April 2013 Electrical Apparatus

April 2013 Electrical Apparatus

This is a summary of the Electrical Apparatus March 2013 featured technical article,  by Richard L. Nailen, P.E.    Receive this article with your subscription to Electrical Apparatus

By 2011, a thousand or more discoveries of counterfeit electrical and electronic products were being reported annually in the worldwide market, involving millions of devices and components. In the U.S. alone, seizures of counterfeit goods rose 24% from 2011 to 2012, and more than 300% since 2002.

One estimate is that more than 10% of global trade is in such products, including electrical equipment valued at 2.4 billion euros. In the U.K., imports of such goods total 30 million pounds sterling or more annually, 90% of it originating in China. Earlier, a year-long series of investigations by police and customs officials in 13 South American countries led to seizure of eight million counterfeit products and the arrest of 1,000 suspects.

Among the counterfeits most often seized in 2011: circuit breakers containing only an on-off switch; capacitors and batteries that leak or explode; poorly performing lookalike cell phones; and power cords containing undersized wire.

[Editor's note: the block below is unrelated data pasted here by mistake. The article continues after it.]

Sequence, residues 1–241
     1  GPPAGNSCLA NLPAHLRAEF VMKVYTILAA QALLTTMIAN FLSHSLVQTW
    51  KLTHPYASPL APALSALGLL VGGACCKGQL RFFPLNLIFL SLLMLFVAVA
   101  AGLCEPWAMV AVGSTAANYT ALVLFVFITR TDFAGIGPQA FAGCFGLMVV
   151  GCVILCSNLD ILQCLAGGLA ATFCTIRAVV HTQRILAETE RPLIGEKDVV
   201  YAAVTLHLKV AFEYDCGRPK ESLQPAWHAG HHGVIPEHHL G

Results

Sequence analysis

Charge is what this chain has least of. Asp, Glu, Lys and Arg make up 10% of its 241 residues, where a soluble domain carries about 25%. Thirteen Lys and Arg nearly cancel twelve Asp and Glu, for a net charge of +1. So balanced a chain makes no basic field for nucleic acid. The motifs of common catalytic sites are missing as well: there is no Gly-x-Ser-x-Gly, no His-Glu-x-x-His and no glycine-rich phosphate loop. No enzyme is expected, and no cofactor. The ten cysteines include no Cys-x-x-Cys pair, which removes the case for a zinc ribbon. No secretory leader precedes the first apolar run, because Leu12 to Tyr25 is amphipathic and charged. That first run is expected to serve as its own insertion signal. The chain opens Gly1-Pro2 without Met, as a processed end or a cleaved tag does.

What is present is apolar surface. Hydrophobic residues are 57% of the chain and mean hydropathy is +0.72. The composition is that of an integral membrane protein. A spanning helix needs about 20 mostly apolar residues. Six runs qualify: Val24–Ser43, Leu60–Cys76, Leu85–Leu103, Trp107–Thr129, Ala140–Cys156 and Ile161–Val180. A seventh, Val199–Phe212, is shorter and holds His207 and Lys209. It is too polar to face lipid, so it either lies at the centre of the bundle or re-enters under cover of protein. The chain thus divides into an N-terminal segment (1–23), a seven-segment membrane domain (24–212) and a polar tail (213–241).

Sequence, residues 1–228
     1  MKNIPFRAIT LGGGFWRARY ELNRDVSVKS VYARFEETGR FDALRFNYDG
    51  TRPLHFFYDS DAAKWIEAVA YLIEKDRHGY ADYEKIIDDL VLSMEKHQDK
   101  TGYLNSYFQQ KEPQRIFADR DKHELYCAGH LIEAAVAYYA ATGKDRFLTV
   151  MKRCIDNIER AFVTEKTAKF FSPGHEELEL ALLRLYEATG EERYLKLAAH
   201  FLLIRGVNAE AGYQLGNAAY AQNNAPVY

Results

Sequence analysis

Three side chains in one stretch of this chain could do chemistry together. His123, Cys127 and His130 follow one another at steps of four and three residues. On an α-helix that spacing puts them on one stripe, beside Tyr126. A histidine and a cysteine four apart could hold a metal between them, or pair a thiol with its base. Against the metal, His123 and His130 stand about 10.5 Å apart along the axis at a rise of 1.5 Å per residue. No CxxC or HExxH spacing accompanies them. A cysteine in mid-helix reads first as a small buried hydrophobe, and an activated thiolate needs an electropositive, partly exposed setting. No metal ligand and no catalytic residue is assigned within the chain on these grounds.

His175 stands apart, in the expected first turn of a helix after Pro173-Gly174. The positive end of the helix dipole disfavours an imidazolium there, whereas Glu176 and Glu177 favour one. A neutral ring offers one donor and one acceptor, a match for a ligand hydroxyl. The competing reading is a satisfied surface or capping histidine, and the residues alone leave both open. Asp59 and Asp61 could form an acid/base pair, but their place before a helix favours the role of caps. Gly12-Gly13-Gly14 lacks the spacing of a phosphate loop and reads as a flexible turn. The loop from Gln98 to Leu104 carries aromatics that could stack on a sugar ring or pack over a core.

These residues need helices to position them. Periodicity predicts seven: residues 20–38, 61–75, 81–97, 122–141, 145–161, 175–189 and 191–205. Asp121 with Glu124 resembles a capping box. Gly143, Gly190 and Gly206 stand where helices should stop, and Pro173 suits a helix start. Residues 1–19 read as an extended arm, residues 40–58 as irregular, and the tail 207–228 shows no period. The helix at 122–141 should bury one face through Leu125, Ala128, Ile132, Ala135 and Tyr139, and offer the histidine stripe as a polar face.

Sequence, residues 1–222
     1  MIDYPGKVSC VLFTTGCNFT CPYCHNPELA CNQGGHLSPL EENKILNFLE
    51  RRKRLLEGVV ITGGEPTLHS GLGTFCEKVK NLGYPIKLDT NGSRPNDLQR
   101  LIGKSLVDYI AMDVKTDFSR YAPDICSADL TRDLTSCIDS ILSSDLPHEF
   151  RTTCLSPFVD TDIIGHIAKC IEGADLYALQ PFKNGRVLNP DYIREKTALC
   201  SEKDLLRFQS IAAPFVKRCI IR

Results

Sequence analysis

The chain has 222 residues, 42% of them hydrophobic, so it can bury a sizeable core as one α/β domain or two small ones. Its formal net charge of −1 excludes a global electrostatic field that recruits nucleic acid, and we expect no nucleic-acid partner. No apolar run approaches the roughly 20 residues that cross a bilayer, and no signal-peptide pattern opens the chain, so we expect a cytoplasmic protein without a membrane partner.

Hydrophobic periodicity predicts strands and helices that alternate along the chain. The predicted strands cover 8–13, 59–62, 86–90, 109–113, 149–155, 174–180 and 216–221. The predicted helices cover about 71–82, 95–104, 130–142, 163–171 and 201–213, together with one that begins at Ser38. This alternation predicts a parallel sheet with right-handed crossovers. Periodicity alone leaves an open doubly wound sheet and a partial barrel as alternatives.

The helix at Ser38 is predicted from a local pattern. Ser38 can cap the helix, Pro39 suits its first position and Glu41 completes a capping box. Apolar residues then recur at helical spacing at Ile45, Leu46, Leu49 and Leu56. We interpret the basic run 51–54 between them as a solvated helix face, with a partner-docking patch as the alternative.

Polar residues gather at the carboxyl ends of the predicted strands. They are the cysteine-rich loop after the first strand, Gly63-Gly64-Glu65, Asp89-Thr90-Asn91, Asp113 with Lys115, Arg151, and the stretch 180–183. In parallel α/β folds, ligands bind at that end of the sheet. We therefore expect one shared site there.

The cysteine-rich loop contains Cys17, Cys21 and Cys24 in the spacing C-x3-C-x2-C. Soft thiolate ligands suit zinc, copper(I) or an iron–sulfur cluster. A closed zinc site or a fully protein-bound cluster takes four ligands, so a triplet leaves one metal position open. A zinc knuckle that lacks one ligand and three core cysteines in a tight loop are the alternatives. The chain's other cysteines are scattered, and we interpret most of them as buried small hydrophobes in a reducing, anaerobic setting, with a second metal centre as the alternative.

In the U.S., a 2011 Senate investigation disclosed that more than a million fake electronic parts had been found in U.S. weapons systems, three-fourths of them from Chinese manufacturers. Consequent legislative changes imposed new penalties and procurement practices.

The problem is not confined to the Americas or Europe. African, Asian, and Middle East nations are also being victimized. In response, 43 countries joined July-September 2011 in “Operation Short Circuit” to seize 388 shipments of counterfeit electrical goods, including thousands of boxes of lamps, surge protectors, cords, power supplies, and batteries. A thousand pages of counterfeit product advertisements were pulled from the Internet.

The Chinese government has become involved. One raid on a suspected factory netted half a million circuit breakers and wiring accessories. Counterfeit bearings were seized in another raid. But China is filled with small entrepreneurs; government regulations are lax and enforcement weak. And firms outside China are also entering the market. As labeling and marking technology becomes more sophisticated, counterfeiters find better ways to disguise their work.

Cooperative international response continues to expand. Yet while symposiums, conferences, publications, and programs multiply to focus the attention of distributors and users on counterfeit detection, unreliable and sometimes dangerous products continue to flood the market.

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